The result of image + Image window, with overflow wrapping around (mod 256).

subtract
The result of image - Image window, with underflow wrapping around (mod 256). The add and subtract operators can be used to perform reversible transformations.

difference
The result of abs(image - Image window). This is useful for comparing two very similar images.

replace
The resulting image is Image window replaced with image. Here the matte information is ignored.

The image compositor requires a matte, or alpha channel in the image for some operations. This extra channel usually defines a mask which represents a sort of a cookie-cutter for the image. This is the case when matte is 255 (full coverage) for pixels inside the shape, zero outside, and between zero and 255 on the boundary. If image does not have a matte channel, it is initialized with 0 for any pixel matching in color to pixel location (0,0), otherwise 255. See Matte Editing for a method of defining a matte channel.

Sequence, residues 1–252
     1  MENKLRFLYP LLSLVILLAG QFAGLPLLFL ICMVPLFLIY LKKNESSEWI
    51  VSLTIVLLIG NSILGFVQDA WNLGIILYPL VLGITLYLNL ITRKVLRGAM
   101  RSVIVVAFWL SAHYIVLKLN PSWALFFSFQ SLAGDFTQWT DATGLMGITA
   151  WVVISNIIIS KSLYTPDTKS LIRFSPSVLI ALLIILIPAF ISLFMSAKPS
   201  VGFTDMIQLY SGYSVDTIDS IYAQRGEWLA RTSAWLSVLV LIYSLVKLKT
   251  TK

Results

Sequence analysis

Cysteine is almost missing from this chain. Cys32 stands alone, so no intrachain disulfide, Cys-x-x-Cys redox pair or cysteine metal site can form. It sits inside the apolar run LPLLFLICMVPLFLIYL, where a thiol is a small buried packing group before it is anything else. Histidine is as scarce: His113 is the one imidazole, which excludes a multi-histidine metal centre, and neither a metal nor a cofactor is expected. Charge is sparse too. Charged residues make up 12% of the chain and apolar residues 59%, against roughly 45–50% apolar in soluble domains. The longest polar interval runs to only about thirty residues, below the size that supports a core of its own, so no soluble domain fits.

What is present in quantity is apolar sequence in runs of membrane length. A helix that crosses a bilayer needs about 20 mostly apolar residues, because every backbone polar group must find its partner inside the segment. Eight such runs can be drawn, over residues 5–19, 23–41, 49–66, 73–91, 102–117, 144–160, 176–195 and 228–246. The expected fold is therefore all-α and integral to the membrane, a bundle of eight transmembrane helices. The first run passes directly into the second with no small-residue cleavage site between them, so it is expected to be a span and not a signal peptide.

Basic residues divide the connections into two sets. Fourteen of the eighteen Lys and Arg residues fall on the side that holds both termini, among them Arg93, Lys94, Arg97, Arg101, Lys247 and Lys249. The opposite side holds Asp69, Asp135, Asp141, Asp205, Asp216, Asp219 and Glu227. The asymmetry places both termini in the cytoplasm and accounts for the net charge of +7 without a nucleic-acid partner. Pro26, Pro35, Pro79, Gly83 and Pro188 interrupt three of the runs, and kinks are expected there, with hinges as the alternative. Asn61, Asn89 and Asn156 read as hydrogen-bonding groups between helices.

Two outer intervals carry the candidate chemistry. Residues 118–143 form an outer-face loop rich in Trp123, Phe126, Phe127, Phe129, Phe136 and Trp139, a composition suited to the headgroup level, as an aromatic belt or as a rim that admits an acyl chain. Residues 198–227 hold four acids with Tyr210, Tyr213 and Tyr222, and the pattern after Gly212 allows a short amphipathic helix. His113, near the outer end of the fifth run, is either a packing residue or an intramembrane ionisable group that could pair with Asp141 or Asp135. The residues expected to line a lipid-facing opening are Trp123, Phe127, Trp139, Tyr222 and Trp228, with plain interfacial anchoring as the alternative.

Note that matte information for Image window is not retained for colormapped X server visuals (e.g. StaticColor, StaticColor, GrayScale, PseudoColor). Correct compositing behavior may require a TrueColor or DirectColor visual or a Standard Colormap.

Choosing a composite operator is optional. The default operator is replace. However, you must choose a location to composite your image and press a button. Press and hold the button before releasing and an outline of the image will appear to help you identify your location.